Stepping Stones.

I’ve got the picture of where I’m going, but I keep missing the mark.

“Today is the day.” The words leave my mouth before we’ve even pulled into the parking lot. “I’m going to break 80 today.”

I can feel the confidence pulsing through my veins as we stand on the first tee. I see a shot trail in my mind, my ball starting to the right and gently drawing back into the middle of the fairway 300 yards away before I’ve even swung the club. Yup, today is the day.

As I address the ball, my mind floats to an image of me walking off the 18th green, scorecard in my hand, a number beginning with a 7 written on it. I take my club back and poof, any chance I had of realizing that dream blows away as quickly as my ball screams into a bush.

In an instant, my vision of a perfect scorecard shifted, the card catching fire and burning in my hand. My chances of breaking through that glass ceiling melting away in front of me.

When I find my ball a positive thought enters my mind. “Okay, this isn’t so bad. We can come back from this.” A few strokes later, those positive thoughts have evaporated in a puff of smoke.

I’ve made some terrible swings, some contacting more dirt than dimple, and others flying more than 40 yards past my target. I know where I want the ball to land, but why can’t I seem to make it happen?

I’ve got the picture of where I’m going, but I keep missing the mark.

Approaching each ball, I’m analyzing each part of my swing so deeply you’d think I was drowning. “I forgot to fire my hip, I didn’t get my hands set, my grip was completely atrocious on that one.”

Always a new issue, each stroke taken with a different swing thought, and ultimately not one of them being the correct solution.

As I load my bag into the trunk, my brain fires out a million reasons for why I didn’t succeed.

Then it hits me like a sack of potatoes falling from a 30-story building.

I skipped straight to step 10 without a second thought.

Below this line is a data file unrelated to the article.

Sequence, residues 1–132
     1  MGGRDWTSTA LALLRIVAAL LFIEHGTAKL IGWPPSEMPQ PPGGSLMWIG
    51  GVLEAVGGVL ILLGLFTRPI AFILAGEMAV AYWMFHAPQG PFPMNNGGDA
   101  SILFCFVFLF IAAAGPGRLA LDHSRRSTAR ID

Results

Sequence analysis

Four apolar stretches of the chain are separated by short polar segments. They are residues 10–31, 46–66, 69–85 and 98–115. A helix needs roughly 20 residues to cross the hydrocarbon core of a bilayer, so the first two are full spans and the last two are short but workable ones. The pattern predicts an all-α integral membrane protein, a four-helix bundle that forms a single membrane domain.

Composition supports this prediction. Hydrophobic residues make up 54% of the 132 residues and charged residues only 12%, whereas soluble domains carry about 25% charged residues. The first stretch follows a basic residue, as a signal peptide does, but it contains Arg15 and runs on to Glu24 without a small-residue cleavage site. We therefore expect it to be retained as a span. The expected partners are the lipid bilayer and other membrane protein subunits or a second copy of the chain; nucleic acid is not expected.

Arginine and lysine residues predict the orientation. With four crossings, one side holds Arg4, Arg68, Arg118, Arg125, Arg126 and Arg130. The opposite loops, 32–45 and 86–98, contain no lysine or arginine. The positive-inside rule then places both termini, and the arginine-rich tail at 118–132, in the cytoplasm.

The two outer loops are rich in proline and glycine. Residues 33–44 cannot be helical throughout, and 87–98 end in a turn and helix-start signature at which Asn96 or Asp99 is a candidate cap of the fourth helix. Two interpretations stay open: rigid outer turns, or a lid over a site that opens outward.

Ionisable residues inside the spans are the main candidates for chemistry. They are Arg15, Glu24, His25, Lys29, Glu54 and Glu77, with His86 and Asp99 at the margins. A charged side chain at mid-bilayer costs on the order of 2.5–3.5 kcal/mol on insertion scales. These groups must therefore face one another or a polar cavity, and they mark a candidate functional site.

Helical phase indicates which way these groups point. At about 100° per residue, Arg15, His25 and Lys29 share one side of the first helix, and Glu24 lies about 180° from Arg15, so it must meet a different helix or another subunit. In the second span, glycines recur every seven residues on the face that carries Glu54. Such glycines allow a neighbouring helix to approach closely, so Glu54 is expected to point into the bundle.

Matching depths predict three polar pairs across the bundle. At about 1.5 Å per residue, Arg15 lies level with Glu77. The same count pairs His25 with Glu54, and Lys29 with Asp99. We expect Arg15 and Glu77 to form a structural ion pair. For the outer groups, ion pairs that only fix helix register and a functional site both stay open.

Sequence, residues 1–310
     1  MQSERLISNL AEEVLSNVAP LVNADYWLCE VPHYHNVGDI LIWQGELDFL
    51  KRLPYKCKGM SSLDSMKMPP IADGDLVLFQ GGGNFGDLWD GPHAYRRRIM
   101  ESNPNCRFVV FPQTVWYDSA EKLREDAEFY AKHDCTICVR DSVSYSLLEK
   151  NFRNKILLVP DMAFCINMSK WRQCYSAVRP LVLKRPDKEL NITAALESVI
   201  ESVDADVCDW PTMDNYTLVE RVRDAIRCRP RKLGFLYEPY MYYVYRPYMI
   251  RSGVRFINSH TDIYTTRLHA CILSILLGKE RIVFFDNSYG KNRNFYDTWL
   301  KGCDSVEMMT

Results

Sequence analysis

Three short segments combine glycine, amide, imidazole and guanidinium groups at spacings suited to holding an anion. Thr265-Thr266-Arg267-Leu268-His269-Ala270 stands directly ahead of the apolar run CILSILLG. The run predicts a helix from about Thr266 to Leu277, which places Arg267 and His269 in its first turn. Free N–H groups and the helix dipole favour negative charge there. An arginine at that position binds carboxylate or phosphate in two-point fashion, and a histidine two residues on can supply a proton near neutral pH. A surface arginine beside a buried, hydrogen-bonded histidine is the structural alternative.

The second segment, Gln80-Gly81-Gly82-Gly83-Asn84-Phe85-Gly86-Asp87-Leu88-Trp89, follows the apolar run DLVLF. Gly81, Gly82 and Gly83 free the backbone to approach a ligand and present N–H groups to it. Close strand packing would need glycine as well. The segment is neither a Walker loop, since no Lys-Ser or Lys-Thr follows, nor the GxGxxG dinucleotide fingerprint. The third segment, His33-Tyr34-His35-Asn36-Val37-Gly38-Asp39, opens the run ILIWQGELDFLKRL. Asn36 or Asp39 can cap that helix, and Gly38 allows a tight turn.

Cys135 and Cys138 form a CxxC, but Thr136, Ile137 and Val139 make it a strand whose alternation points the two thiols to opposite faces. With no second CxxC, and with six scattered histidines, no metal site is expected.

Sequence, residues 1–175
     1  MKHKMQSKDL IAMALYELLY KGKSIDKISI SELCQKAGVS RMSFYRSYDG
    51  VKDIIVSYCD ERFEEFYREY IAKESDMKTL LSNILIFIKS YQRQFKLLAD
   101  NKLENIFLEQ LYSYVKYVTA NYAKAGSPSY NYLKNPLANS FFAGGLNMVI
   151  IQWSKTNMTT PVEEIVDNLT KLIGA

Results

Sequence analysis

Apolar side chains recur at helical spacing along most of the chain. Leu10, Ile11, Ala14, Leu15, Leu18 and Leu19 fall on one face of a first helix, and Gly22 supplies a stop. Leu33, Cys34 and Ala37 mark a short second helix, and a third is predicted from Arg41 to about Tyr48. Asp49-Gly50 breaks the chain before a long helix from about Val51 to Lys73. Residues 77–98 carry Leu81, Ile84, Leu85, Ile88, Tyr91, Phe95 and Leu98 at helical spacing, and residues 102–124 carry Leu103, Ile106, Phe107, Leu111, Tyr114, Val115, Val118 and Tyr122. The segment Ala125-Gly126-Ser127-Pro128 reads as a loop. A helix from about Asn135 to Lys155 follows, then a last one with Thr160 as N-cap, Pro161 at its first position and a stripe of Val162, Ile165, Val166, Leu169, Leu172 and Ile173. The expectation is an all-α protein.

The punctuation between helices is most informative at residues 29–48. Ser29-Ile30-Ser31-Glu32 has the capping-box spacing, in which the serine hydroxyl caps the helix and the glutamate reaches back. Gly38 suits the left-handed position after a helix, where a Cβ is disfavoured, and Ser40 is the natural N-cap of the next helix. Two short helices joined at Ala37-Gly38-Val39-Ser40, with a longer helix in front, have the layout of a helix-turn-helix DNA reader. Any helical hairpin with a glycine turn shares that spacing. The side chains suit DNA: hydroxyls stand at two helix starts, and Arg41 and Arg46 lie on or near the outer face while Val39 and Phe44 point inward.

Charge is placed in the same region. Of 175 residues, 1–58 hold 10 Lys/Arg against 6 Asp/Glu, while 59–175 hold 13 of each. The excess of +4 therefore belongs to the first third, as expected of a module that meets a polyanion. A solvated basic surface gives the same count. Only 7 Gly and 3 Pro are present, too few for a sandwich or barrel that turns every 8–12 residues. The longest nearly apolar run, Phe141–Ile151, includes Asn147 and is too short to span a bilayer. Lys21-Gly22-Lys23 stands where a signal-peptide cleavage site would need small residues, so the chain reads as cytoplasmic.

The only thought I’d had the entire day was, “I’m going to break 80.” Never once, thinking about how I was going to accomplish that.

Making a solid swing never crossed my mind. Leaving myself in a good position never entered the equation. Making contact with the ball was an afterthought.

I’d forgotten the simple steps, that when put together in the correct fashion, add up to a lifelong dream realized. I’d leapt from the ground, aiming for the top of the staircase, and missed the target, smacking my face on the concrete as my feet flung out from under me.

I’d lost my confidence after that first bad swing, and instead of steadying my feet, I’d flapped my arms harder, only to realize I couldn’t fly.

It should’ve been obvious really. The man who cuts his steak into small pieces is far less likely to choke than the man who bites off more than he can chew.

A man who carefully peruses the shoreline looking for a select few stepping stones stands far more of a chance of reaching the other side dry, than the man who tries to hurdle the river in a single bound.

Finding your footing on each step makes climbing the stairs much more attainable and a lot less painful.

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